Creating t-shirts is an activity that sounds reasonably simple. It looks like a ton of fun, and for this reason, a lot of people adopt it as a side business thinking it will be a rather easy gig to run.
What often comes as a shock, however, is how easy it is to make mistakes in t-shirt printing which can bring your custom t-shirt enterprise to a screeching halt. So, we are here to help you out by highlighting seven common mistakes that you will do well to avoid. If you’re aware of these from the outset, it can help you save money and prevent unnecessary headaches along the way!
1. Know Your Customers
Mistakes are easily made. The biggest being when we think we know what our customers will want without doing any research. Think clearly about WHO will be wearing the t-shirts you create, and be sure to ask or survey people from this market directly.
Also, find out more information about the issues that matter to them. What TV shows do they watch? What celebrities do they follow? Do they have a particular way of speaking - are there specific phrases they relate to?
What imagery suits this market segment? Which colours will work most favourably for them, which fonts will work best? Consider current fashion trends and take note.
All of this information will help you understand the segment you serve and how to proceed with your t-shirt design and printing.
2. Fabric Selection
When choosing the fabric, be sure to have quality earmarked as a priority. You can have a stellar design, yet if the material is of low quality, your customers may go elsewhere. Ensure your fabric is reasonably shrink-resistant and that it will maintain shape and form following a few washes.
Also, explore different fabrics in use and do the necessary research to uncover where these are sourced. It can help to keep a spreadsheet of fabric types, where it’s sourced from and associated costs.
Costs are a central discussion point, and when poorly thought out, it’s easy for people to spend too much at the outset. Do your homework with fabric choice, suppliers and costs and this will help you build a solid foundation for the business.
3. Artwork Packaging
Long gone are the days of manual processes. Today’s t-shirt printing industry is entirely digital. This being the case, attention to detail is required when it comes to knowing how to correctly package file types, fonts, images and colours for print.
Here are a few ground rules to help you safeguard the process:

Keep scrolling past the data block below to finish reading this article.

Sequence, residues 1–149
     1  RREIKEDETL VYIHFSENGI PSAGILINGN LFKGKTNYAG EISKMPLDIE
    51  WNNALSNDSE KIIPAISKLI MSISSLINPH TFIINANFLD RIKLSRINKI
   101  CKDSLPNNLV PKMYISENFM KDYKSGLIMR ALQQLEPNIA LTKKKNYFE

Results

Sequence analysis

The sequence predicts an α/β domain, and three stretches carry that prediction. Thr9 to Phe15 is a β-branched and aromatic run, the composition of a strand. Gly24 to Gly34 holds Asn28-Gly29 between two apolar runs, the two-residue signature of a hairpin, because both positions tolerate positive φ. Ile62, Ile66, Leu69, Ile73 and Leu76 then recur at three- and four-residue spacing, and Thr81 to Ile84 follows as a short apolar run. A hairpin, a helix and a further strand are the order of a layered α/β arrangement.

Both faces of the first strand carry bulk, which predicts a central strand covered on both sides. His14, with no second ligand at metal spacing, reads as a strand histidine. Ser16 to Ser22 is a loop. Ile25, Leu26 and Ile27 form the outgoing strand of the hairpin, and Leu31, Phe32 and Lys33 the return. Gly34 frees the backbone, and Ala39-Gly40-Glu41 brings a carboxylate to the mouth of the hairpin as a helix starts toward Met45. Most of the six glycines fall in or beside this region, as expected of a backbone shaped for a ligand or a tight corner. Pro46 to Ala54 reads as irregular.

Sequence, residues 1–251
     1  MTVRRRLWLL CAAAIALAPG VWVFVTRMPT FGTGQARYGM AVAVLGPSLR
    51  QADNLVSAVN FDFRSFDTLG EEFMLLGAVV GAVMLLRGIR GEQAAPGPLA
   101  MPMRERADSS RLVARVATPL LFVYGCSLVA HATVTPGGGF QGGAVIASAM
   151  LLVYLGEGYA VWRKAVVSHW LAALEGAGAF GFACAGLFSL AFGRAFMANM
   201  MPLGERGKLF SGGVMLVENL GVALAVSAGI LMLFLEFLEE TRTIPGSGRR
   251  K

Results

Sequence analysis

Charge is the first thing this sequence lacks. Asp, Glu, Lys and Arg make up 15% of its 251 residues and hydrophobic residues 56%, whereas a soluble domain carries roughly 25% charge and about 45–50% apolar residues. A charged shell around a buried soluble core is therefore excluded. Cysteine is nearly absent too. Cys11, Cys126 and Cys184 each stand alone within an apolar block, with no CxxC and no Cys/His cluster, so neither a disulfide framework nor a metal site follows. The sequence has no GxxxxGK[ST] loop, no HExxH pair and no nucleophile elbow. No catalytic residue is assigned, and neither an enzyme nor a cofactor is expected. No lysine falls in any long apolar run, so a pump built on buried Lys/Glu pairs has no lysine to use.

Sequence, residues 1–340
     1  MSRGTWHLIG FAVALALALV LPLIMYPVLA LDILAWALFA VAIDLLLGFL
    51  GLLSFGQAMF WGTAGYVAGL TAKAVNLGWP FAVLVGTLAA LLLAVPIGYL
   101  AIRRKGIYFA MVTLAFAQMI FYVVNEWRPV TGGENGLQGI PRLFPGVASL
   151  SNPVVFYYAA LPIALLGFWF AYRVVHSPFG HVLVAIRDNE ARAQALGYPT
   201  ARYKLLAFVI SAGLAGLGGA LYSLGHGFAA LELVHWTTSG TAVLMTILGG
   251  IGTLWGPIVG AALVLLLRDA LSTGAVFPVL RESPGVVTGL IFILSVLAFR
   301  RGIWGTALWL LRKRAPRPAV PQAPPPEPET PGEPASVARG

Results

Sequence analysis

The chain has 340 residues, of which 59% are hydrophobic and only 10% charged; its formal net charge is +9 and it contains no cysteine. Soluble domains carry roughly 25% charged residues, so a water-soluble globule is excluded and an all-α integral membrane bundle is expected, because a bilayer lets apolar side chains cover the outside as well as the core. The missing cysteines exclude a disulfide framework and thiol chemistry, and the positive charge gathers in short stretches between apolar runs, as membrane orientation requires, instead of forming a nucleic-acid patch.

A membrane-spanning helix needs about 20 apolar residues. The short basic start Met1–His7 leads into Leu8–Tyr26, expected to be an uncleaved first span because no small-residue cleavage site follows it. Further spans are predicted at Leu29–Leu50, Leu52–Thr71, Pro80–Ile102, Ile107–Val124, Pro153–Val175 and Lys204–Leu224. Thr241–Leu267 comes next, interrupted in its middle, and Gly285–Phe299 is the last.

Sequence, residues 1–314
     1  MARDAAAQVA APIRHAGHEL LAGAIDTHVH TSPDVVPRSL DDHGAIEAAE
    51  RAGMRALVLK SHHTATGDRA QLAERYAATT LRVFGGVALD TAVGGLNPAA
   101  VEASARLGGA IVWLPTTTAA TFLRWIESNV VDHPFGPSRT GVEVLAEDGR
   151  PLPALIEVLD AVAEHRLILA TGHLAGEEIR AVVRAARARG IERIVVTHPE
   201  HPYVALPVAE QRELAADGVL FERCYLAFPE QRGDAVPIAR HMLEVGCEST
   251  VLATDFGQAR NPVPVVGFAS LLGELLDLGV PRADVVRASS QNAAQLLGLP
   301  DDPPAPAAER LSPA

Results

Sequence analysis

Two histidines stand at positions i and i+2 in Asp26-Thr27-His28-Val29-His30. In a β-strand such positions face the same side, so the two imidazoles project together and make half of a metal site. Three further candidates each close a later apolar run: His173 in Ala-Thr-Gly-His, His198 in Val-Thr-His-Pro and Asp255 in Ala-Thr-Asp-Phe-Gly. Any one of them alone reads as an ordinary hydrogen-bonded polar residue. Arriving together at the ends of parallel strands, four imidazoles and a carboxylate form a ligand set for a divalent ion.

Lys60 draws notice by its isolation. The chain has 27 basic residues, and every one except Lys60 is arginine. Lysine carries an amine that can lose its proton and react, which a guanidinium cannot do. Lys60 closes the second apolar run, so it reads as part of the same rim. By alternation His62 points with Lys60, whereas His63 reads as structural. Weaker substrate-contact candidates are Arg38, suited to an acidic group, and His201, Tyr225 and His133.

- Artwork files should be supplied in PNG format. If there are any transparent layers in the image check with the printer what file format is most suitable
- Image files should be provided in a high resolution of 300 to 600 dots per inch (dpi), or the result could be pixelated or look washed-out when printed
- Depending on the format you receive artwork in, it could have pixelated edges which you will need to smooth out. If you don’t your printed result will look a whole lot less than fabulous
- Often it can help to supply logos as vector files which allow an image to be resized without any loss of quality and the edges are also kept sharp
- Remember too to package the font file as a zipped folder and supply this to the printer. Not all fonts are standard and automatically available on a printer’s system.
- Always check image size and the image’s dots-per-inch status before selecting a picture from an online source
- Be aware that printing on dark coloured fabric has a slightly different process to that of printing on a light-coloured fabric. When printing images on dark fabric, chances are you’ll need to print across that area with white ink first.
4. Flexible Printing Platform
When you choose a printer for your custom t-shirt production, ideally, you’ll want to find one which offers sufficient flexibility and is outfitted with the design tools required for a polished finished product.
Seek out a platform that will allow you to have flexible minimum orders and provide different options for ordering and selling your shirts online.
Some companies will give you the option of keeping the stock with them, and they will ship directly to your customer. Essentially, the more options and choices they can make available to you, the better.
5. Choices of Apparel
While t-shirts may instinctively be where your focus first lies, make sure you consider other apparel types too. Seasonal changes and preferred style choices can make different clothing varieties attractive to your target market.
It can help to keep this in mind. You could expand your printing to include V-neck, crew-neck and polo t-shirts; sweatshirts, hoodies and long-sleeve t-shirts for cooler temperatures.
6. Rushing the Design
Don’t rush ahead with the first draft of your design. Many newbie screen printing enthusiasts have later regretted doing this very thing!
Be sure to investigate existing designs which have had success before finalising your final design version.
Minimalist designs, unique fonts and cleverly colour-matched graphics tend to be popular, and it’s best not to venture too far from this track with your designs.
Of course, you can always tailor and tweak things as you go, but don’t forget that with every print-run a significant expense is incurred.
7. Proper Proofreading
Before printing, you’ll have a proof delivered to you for checking. Smart advice to follow is to allow three sets of eyes to take a look over this proof. Many a spelling error has slipped past the keenest of eyes.
Receiving an order of t-shirts or other apparel complete with a misspelled tagline is a horrible feeling, so have someone look over the image and graphics before they go to the printers.
These seven tips should have you smiling with success at your first custom t-shirt printing exercise and for all those print-runs to follow. Adopt these into your standard operating procedures, and you’ll be well on your way as you grow your t-shirt printing business.